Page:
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Korean company KOSEP has confirmed that it no longer intends to participate in bidding for the controversial 500 MW Plomin C coal power plant in Croatia. KOSEP is the second of the four strategic bidders shortlisted in September 2012 to pull out of the project, after Polish company POL-MOT withdrew in the spring of this year.
The news about KOSEP's withdrawal was confirmed by Mr Seungnam Han, Deputy Director of KOSEP's Innovation and New Business Office to Greenpeace Korea.
At the start of 2012, Germany's RWE was strongly courted by the Croatian project developer HEP for this project but to no avail: RWE announced at its annual meeting in April 2012 that it was not interested in the Plomin C project, nor in other new coal plants in central and eastern Europe.
Two companies are now left in the running for Plomin C: French-Italian-owned Edison and Japan's Marubeni, which have until the end of October to submit binding bids for the project.
Even if the tender is successful, the financing of the project is still under question as no potential source of funding for the project, estimated at EUR 800 million, has been mentioned publicly.
"The fact that only a maximum of two companies are interested in such a project confirms what we have been saying for more than a year already that the project is harmful not only because of its health impacts , high carbon emissions , and increasing Croatia's dependence on imported coal,  but also because coal plants are less and less economically viable in Europe ", said Bernard Ivcic, President of Zelena akcija.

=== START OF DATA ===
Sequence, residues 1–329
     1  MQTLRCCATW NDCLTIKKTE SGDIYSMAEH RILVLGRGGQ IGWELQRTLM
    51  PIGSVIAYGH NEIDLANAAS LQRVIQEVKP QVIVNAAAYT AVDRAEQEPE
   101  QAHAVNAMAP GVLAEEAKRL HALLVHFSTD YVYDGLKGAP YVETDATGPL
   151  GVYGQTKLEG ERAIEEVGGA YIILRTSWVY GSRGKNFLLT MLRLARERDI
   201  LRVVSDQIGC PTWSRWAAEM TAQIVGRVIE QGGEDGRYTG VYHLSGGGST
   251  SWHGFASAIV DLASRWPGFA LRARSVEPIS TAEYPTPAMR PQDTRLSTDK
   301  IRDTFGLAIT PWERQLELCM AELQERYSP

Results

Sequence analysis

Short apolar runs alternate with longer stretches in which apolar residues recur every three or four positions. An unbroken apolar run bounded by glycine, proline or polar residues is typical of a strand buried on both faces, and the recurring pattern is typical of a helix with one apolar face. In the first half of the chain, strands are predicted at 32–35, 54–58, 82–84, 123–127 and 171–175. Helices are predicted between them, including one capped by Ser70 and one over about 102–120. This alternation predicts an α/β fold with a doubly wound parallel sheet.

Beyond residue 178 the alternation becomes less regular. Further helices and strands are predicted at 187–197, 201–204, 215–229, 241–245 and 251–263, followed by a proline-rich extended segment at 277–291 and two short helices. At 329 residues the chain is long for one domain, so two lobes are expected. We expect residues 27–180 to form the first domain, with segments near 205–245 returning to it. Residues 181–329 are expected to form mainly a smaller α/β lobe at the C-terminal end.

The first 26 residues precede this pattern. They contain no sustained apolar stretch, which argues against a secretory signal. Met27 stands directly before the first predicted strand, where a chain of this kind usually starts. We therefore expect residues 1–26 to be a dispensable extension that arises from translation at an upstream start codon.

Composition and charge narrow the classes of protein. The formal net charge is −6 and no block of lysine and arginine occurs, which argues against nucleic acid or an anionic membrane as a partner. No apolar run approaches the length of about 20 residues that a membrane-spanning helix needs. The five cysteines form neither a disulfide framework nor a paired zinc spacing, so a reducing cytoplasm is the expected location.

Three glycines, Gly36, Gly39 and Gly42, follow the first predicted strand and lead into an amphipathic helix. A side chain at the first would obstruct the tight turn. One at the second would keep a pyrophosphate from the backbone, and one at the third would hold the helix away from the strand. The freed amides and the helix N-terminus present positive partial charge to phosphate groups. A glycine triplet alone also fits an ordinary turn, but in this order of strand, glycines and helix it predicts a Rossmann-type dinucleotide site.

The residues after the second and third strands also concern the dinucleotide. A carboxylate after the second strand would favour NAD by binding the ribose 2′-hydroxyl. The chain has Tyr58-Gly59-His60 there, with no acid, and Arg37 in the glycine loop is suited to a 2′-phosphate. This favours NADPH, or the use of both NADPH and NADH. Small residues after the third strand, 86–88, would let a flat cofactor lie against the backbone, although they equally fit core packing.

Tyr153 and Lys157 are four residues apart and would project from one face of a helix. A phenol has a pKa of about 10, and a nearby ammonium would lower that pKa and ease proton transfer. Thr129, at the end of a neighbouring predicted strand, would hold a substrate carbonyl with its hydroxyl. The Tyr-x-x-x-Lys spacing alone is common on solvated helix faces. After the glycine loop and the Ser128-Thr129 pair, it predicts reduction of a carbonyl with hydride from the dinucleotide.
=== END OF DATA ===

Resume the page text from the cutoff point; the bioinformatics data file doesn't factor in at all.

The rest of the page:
The project is also threatened by a court appeal by environmental organisations Zelena akcija and Zelena Istria together with local people against the environmental permit issued in September 2012 by the Ministry of Environmental and Nature Protection. The appeal is based on the permit's incompatibility with the Istria County spatial plan, which limits total capacity at the site to 335 MW and stipulates gas as the fuel for any new capacity. The second hearing is expected to take place next week on Friday 11 October in Rijeka, Croatia.
Plomin C is one of more than 20 coal plants planned in south east Europe, in contrast to Western Europe where plans have virtually ground to a halt in recent years . Environmental groups from the region are concerned that such plans are endangering the countries' abilities to meet EU accession requirements on pollution control and greenhouse gas emissions reductions, as well as crowding out investments in energy efficiency and renewable energy.
Related News in English
Povezane vesti na srpskom
Συναφείς Ειδήσεις στα Ελληνικά